What does pro football have to do with law school and personal injury law? More than you might think.
Law Schools Begin Concussion Courses
On April 13, the New York Times reported that George Washington University’s law school will soon offer a course devoted solely to the legal implications of traumatic brain injury. Why? It was the concussion crisis that is affecting the N.F.L. that caught the attention of the law school.
To the personal injury lawyer, this is an interesting development since most law school classes are focused on theory or on practice, but this traumatic brain injury course is going to include much greater detail in areas such as expert examinations, third-party observers, and the admissibilty of testimony.
To the sports fan this is an alarming trend. We’ve known for a few years now that players are experiencing problems – sometimes severe – because of the repeated impacts their heads get during games. But the devotion of an entire law school course to this single subjects would seem to indicate that the U.S. Justice System is getting much more serious about protecting the rights of our athletes. More recently, Judge Anita B. Brody is standing in the way of a $765 million dollar head injury settlement between 4,500 NFL retirees and the league, saying she’s not convinced it’s enough.
It makes us all wonder, how will all these legal and medical developments affect our student athletes and our favorite pastimes?
The Lystedt Law
In 2011, Maryland passed House Bill 858, which, similar to Washington State’s “Lystedt Law,” includes a section which describes how youth athletes must be better protected and informed about the dangers of concussions. The law requires, among other things, that a player is removed from play if he or she has experienced a head injury. The N.F.L. pushed hard for every state to pass their own version of this law.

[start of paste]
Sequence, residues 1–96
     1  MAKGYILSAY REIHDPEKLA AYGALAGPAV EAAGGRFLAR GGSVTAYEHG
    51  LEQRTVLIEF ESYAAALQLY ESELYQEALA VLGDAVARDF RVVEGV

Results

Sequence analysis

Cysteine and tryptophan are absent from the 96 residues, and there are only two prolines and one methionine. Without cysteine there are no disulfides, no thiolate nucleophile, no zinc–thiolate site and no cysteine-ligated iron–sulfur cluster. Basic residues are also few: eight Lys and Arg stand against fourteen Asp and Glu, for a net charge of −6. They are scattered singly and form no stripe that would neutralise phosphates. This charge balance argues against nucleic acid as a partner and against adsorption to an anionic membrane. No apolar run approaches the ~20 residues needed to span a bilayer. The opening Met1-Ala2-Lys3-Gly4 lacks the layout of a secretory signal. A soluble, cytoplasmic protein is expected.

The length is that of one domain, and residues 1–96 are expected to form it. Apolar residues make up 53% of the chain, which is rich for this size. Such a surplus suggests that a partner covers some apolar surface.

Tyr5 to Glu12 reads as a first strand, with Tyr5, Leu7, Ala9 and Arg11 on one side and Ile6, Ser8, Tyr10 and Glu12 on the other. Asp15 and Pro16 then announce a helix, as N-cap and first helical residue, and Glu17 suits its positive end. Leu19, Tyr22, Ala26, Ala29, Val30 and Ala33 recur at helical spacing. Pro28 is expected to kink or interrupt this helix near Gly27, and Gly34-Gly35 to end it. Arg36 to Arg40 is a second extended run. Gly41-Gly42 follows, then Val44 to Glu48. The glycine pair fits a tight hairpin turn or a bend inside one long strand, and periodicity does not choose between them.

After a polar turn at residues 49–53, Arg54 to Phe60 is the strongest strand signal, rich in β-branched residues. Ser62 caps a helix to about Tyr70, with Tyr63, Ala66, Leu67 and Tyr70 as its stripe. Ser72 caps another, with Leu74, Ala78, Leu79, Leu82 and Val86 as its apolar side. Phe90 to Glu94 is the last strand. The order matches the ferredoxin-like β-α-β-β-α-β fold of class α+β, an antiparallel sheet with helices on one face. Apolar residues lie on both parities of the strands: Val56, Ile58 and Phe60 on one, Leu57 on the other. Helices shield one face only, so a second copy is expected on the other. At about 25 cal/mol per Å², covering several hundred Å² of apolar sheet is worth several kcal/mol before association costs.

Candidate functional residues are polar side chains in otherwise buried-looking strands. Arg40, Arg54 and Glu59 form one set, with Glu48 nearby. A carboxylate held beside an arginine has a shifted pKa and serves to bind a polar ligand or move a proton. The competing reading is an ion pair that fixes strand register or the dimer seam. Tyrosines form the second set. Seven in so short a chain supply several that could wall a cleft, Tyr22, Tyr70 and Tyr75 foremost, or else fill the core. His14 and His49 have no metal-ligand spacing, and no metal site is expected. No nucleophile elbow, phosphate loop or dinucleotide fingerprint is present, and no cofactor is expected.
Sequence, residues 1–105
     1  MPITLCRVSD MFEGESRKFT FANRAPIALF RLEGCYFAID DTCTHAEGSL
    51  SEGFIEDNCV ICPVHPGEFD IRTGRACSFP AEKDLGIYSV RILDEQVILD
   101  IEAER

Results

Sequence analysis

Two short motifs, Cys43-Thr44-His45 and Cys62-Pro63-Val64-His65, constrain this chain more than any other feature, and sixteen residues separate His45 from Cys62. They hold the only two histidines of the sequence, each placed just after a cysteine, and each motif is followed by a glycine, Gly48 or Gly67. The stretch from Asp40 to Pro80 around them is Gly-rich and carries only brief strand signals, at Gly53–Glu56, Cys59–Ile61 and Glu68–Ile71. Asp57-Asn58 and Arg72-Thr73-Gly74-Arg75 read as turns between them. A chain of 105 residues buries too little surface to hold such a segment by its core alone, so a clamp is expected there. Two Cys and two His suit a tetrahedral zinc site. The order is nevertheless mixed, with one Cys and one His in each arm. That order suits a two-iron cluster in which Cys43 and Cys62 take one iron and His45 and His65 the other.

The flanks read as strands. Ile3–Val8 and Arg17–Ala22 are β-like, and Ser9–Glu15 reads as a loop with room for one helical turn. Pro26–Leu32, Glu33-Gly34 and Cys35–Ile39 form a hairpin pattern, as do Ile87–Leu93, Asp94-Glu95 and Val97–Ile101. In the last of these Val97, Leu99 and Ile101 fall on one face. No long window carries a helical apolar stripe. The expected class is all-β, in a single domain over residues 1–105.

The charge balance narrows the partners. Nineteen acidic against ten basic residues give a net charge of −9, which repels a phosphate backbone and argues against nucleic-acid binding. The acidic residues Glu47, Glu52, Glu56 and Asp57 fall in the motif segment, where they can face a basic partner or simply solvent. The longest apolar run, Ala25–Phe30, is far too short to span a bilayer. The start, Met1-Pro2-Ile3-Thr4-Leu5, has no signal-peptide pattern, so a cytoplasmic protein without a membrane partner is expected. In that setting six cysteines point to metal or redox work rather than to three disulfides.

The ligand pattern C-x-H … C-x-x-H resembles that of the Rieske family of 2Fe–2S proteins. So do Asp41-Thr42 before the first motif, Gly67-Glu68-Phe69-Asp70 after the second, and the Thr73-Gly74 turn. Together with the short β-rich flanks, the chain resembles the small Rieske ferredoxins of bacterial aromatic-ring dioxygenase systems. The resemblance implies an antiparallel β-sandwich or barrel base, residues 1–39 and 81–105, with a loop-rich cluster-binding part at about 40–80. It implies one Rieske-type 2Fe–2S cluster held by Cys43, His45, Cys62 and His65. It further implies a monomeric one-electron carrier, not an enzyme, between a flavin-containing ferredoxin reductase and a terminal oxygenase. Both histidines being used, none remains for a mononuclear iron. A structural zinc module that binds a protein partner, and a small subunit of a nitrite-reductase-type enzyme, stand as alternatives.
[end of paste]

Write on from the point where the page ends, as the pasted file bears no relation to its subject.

However, the Lystedt Law raises further questions. Who is qualified to identify a head injury? If a league enforces this standard does that mean they’re taking responsible for the health of their players, and thus are liable for injuries? Will your local school’s coaches be willing to stand up to administrators and parents by removing students from games? Will students have the courage to admit to pain and injury?
Michael Kaplan, who will be teaching the course at Washington University, calls football a “Concussion Delivery System” and claims the link between football and brain damage is undeniable.
One of the big problems players face is proving that concussion they experienced during play led to whatever their current problems are. For example, if a student waits years to report the pain and injury he has experienced ever since playing for the local high school, it will be difficult to find recourse.
Will students have the guts to go to their coaches and say “I’m hurt?” Will coaches have the courage to take a student out of the game and not punish him or her for not being there for the team?
The Ice is Melting
Local and national leagues are finally embracing the truth that brain injuries are a big part of football. It has taken decades and congressional investigation, but the truth is beginning to be accepted. The decision of the N.F.L. to encourage every state to pass anti-concussion laws shows that they understand that the cost of denial is high – too high. Hopefully the N.F.L. and local sports organizations will soon be more proactive in defending the right a player has to be healthy.
If you or a loved one has been hurt in a sports accident, call Ingerman & Horwitz immediately.